Dates are a powerhouse sweetener. Not only are they naturally high in sugar and fiber, but their sweetness also has distinct caramel-like flavor that just cannot be replicated. However, when it comes to replacing dates for white sugar in cooking and baking, a simple one-for-one swap isn't always possible. But dates can be manipulated into a few baking-friendly forms and replace white sugar in everything from salad dressing to cookies. Here are the three best ways to replace white sugar with dates.
1. Try date sugar.
Date sugar is made from dehydrated dates that are ground into a granulated, sugar-like consistency. Because whole, pitted dates are used to make the sugar, their fiber leaves a tiny grit to the sugar that won't dissolve in hot liquids or baked goods. It has a sweet, butterscotch-like flavor that's more nuanced than brown sugar, although it shares a similar appearance.
You can use date sugar as a one-to-one replacement for granulated or brown sugar in baking recipes, but with a higher price tag than plain sugar, you'll find yourself saving it for special occasions.
Try date sugar in a rub for pork or chicken, where its caramel flavor can really shine with just a small amount; bake it in simple cookies, where you can really taste its nuances and take advantage of the additional fiber; or use date sugar as a topping for muffins or your morning oatmeal, or to add caramel coloring to the top of your favorite pie.
Read more: What's Date Sugar, and How Do You Use It?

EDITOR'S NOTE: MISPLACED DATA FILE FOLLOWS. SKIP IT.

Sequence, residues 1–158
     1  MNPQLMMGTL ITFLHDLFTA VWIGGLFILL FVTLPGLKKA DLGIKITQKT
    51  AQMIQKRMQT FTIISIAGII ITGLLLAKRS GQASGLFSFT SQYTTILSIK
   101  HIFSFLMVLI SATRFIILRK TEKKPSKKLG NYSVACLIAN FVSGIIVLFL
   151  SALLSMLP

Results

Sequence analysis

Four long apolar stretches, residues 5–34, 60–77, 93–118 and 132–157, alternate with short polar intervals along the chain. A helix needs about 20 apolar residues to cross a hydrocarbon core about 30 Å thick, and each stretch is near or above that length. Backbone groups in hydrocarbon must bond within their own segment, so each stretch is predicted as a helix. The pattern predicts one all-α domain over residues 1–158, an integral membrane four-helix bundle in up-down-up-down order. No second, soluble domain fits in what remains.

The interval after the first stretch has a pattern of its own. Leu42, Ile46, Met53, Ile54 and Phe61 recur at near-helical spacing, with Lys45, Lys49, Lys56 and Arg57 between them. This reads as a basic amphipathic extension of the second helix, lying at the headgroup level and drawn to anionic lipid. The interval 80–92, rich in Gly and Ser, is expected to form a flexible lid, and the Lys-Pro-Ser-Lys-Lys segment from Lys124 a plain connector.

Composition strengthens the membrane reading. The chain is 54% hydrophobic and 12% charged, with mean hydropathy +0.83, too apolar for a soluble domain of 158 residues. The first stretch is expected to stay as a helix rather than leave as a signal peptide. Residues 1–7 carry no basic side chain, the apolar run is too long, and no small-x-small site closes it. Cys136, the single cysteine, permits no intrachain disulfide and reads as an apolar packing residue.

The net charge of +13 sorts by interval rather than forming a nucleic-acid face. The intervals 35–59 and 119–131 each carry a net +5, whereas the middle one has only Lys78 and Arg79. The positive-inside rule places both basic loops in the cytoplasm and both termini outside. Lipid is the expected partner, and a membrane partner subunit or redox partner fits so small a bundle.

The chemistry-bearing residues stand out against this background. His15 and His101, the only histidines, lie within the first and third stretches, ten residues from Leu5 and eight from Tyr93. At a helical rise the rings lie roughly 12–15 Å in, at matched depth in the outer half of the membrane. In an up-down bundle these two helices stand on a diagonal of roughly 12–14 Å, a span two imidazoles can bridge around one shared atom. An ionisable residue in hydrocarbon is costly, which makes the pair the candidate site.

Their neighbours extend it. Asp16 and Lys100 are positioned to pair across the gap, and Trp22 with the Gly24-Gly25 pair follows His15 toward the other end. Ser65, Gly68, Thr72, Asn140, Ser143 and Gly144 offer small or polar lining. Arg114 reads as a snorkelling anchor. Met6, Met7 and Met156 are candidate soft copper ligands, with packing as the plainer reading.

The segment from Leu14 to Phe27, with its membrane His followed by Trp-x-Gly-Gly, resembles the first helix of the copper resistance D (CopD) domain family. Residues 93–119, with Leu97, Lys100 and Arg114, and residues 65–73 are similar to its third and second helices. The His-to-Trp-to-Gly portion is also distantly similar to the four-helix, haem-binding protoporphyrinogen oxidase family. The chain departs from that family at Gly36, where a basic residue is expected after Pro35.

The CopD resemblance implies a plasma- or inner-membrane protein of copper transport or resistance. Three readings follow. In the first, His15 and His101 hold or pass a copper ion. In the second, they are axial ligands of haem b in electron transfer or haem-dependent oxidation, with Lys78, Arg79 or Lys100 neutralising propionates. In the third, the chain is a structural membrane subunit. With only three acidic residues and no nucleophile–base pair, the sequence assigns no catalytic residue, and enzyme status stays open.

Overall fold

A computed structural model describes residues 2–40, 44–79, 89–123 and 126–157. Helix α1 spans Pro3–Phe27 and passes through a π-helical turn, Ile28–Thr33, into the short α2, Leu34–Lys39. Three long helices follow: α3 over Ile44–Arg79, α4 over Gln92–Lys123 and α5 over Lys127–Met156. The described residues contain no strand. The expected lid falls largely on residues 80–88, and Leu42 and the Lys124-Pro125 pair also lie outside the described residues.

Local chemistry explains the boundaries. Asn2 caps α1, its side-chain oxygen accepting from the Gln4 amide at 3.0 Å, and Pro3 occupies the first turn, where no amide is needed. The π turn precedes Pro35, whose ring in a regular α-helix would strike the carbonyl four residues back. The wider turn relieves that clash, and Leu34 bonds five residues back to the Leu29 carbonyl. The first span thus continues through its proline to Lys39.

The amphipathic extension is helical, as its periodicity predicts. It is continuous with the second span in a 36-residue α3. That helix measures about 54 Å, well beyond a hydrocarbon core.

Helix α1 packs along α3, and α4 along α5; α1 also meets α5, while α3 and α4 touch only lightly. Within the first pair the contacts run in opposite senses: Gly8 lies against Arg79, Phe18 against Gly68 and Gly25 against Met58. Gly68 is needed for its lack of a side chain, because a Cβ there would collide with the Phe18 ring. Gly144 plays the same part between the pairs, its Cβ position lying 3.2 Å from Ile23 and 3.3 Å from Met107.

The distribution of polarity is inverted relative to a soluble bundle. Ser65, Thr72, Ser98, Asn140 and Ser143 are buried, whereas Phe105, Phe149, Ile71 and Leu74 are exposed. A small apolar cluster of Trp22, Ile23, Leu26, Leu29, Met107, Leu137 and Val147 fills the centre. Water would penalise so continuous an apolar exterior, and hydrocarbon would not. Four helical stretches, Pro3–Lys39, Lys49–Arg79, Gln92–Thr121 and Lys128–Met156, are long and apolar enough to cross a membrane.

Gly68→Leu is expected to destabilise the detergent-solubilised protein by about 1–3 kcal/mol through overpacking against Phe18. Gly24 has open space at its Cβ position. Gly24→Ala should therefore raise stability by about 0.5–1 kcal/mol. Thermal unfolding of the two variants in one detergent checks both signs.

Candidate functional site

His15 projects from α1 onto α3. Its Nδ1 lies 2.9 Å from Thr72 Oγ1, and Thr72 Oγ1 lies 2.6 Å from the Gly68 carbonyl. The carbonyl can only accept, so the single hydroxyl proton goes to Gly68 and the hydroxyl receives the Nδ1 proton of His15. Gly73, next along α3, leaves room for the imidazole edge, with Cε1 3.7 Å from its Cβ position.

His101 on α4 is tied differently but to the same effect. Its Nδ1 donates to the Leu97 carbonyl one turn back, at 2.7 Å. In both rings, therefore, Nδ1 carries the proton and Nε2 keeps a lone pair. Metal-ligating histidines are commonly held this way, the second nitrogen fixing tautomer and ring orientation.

2. Use raw dates.
I asked Laura Wright, author of The First Mess, about her experience baking with dates: "I do work with dates often, but typically in raw-style desserts and snacks or treats," she says.
Because dates are high in fiber and naturally sticky, they can be blended into a binder for cookies and bars, or turned into caramel. They work well as a sweetener for smoothies and salad dressings that will be blended as well.
Get the recipe: How To Make Date Caramels
3. Make a date syrup.
You can turn dates into syrup — real syrup that involves boiling the dates and reducing the liquid until it's the consistency of honey. It's a bit of work, but the raw stuff (made in a high-powdered blender with just water) won't cut it for baking.
For baking, you need to use less date syrup when replacing granulated sugar — a ratio of 2/3 cup date syrup for every 1 cup of sugar — and less liquid in the recipe. Or simply replace honey, maple syrup, or molasses with date syrup in baking recipes for a more caramel-like flavor that only dates can impart.
Get the recipe: How To Make Date Syrup